We went step by step, ran into zero issues, and after connecting the computer to our monitor, it came to life and blew her little mind.

There’s a moment after you fill in your basic information right at the beginning that I don’t want to ruin for you, so if you don’t want ***SPOILERS*** skip to the next section and don’t look at the pictures.

Okay, for those of you that don’t mind spoilers, right after you fill out your info, you get control of a little character, who you walk through (using the arrow keys) up through rough code.

It then smoothly transitions into colorful art. It’s such an adorable way to visually show how code turns into final results, and it had us both going “wow.”


I am astounded at how easy everything is. Navigating the menus wasn’t tough for Charlotte, but she did need me to read her what things do — this could be chalked up to her being a year younger than the recommended age, and that she’s just now grasping how to read on her own.

Still, she hopped into building her own vision of Pong, and we got a good ways into it (and testing it) before we had to pack everything up and head back home.

I was also surprised to see that the coding games and adventures are not the only things the Kano has to offer — it can access Google Drive, Gmail, YouTube, and more, while offering up other apps like art making and tools.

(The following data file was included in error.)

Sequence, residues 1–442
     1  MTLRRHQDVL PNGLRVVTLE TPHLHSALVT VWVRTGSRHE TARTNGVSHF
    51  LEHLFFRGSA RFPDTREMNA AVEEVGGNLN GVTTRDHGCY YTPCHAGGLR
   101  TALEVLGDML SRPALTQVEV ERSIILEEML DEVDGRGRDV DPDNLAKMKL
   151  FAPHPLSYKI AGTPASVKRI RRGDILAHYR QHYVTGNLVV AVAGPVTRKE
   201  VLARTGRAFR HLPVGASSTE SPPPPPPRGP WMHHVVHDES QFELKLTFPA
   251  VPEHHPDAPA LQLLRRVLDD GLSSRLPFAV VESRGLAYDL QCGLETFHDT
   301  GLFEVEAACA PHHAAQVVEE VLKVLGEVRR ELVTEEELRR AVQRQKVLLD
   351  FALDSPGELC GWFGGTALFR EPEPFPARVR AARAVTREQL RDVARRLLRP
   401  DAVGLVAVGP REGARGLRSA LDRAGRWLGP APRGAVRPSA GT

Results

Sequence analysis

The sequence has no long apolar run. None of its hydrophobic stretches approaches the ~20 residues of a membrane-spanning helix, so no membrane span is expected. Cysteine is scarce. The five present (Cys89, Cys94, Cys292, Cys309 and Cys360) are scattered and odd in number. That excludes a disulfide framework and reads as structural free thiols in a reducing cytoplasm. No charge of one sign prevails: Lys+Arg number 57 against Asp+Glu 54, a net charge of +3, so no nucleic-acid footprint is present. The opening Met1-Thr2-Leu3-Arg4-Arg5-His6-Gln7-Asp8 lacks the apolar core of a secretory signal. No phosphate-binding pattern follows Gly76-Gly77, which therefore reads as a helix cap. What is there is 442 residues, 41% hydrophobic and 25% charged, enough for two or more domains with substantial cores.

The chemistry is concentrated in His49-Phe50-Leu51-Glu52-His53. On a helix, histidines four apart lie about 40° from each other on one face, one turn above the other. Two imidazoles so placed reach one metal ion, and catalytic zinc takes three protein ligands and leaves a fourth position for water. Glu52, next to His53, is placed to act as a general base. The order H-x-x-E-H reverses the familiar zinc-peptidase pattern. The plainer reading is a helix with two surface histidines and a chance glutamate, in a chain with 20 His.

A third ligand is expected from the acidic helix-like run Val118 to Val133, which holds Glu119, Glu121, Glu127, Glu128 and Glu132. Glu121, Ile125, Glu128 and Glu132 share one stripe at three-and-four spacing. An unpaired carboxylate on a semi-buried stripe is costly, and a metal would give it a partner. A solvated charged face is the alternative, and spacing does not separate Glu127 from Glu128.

Plus, with the built-in touchpad, you don’t even need a mouse, but the Raspberry Pi 3 has plenty of ports in case you wanted to use one.


I usually have a section for downsides, and before writing this review I couldn’t really find any with what we had gotten done. In full disclosure, we didn’t finish all the programming or adventure tools, so it might go downhill, but I don’t suspect it will. I’ll just have to update this post as Charlotte completes more of it. 

If you pressed me to find a gripe, I would say nothing really mentions being able to just tap the touchpad to select things — we just thought you had to use the “click” button on the bottom left of the keyboard. It wasn’t until we accidentally selected a few things that I realized that’s what was happening.

I’m frankly really impressed with what Kano has accomplished with the kit, and all for $150 at the time of writing this. You can also find Kano on sites like Newegg here and, if you need one, monitors to go with it here

Doing things like this is not only fun, but it’s important. Getting kids onto this path is a great head start into a future where computers and coding will become part of careers that might not necessarily include it right now. We’re going to need more coders and engineers, and especially women in STEM.

If you have a daughter who shows even the slightest interest in something like this, embrace it, and show her she can do absolutely anything she puts her mind to, regardless of what any backwards people out there might tell her.

Check out some more pics of the Kano, below: